February 08, 2023Featured Article Counter-Terrorism Prevent Surveillance Closing of civic space
(London, 8 February 2023) The purportedly independent review of the UK’ Prevent counter-extremism strategy belittles professional expertise, including that of doctors, psychologists and people who work with vulnerable adults, and does not demonstrate a serious approach to ending any form of violence, Rights & Security International said today.
Prevent is one part of CONTEST, the UK government’s counter-terrorism strategy, and its stated intent is to stop people from being drawn into terrorism. Schools, hospitals and other public bodies in England, Wales and Scotland face a legal duty to refer people to Prevent for suspected ‘extremist’ views.
Today’s report, authored by Sir William Shawcross, comes over four years after the government announced the review. The previous reviewer, Lord Carlile, a supporter of the strategy, stood down from the post following RSI’s legal challenge alleging that he lacked independence.
‘This report displays shoddy research, dismisses the knowledge of experts – especially those in female-dominated professions such as psychology and community-based outreach and education – and instead promotes having arguments with vulnerable people about their opinions as a supposed cure for any threat of violence’, said Sarah St Vincent, Executive Director of RSI. ‘The government is not serious or consistent about preventing violence, including against women and minority groups, and this poorly evidenced report demonstrates that.’
The review was the subject of a widespread boycott by UK civil society organisations due to concerns about the potential for a failure to take the concerns of UK Muslims about Islamophobia in the operation of Prevent seriously. This risk has materialised, RSI said today.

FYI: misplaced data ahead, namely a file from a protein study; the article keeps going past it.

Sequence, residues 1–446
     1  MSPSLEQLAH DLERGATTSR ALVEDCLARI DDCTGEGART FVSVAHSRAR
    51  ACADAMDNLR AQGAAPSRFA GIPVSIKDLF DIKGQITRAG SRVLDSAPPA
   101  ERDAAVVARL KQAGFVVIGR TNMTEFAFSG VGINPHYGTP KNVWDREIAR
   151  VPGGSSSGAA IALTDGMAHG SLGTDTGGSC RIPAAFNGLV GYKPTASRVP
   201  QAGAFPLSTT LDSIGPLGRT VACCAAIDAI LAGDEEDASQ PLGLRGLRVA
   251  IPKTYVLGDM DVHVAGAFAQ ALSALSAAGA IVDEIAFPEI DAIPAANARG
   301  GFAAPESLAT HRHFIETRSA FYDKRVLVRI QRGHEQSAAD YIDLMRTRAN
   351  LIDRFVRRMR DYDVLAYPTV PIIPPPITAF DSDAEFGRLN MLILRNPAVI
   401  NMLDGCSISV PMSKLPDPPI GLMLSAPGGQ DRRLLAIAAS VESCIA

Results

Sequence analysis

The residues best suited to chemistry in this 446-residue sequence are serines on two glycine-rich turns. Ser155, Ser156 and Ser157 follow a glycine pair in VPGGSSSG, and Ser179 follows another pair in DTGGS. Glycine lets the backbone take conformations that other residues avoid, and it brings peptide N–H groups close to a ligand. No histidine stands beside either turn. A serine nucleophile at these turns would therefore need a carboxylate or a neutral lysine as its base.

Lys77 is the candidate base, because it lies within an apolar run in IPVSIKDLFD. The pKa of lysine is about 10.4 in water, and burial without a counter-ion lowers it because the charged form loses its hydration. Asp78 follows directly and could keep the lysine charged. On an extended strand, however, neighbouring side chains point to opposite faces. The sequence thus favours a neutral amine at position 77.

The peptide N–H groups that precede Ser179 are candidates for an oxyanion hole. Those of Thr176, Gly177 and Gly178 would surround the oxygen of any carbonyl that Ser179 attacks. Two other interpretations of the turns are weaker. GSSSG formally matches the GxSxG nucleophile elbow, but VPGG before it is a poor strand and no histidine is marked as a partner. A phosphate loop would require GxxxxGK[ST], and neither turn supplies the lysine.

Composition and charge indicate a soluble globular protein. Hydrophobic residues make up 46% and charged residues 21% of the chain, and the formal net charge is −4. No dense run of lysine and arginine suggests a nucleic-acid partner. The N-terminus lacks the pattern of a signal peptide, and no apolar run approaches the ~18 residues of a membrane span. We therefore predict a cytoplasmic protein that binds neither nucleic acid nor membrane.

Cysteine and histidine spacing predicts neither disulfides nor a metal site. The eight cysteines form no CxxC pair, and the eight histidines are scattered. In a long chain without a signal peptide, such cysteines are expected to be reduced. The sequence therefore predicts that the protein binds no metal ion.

While the report argues that ‘Prevent must seek to uphold the same standards across all extreme ideologies’, it supports a stringent and renewed focus on ‘Islamist extremism’, including views that do not promote violence. All case studies singled out for special emphasis involve Muslims. By contrast, the report states or implies that far-right or misogynist ‘incel’ views should only lead to Prevent referrals when there is an actual risk of violent activities.
Under international human rights treaties that are binding on the UK, the freedoms of thought and opinion are absolute. However, the report argues that Prevent should turn from prioritising safeguarding to attempting to change what people think, based on an apparent assumption that such arguments will prevent violence.
The report also makes little or no mention of Northern Ireland, the area of the UK that has been most affected by killings with apparently political motivations. The reviewer also does not appear to have sought data about the race or ethnicity of people referred to Prevent, despite known concerns about bias.
The UK government’s immediate and detailed response to the report, including an acceptance of or agreement with all recommendations, also suggests that the report was not genuinely independent, RSI said. In January 2023, in response to RSI’s freedom of information request, the Home Office disclosed emails indicating that the Home Office and the Home Secretary had edited a draft version of the report.
‘If the independent reviewer and the government want to protect public safety, as they should, then they should draw on the wealth of evidence and expertise available from a range of academic and professional disciplines – not propose arguing with people about their political or religious views. Moreover, it is long past time to stop using arbitrary and inconsistent definitions of ‘terrorism’, and treat all violence – including against women, Muslims, people of colour, LGBTQ+ people, members of Jewish communities and others – as serious and equally deserving of preventive efforts’, St Vincent concluded.
For more information, please contact Sabah Hussain (firstname.lastname@example.org)
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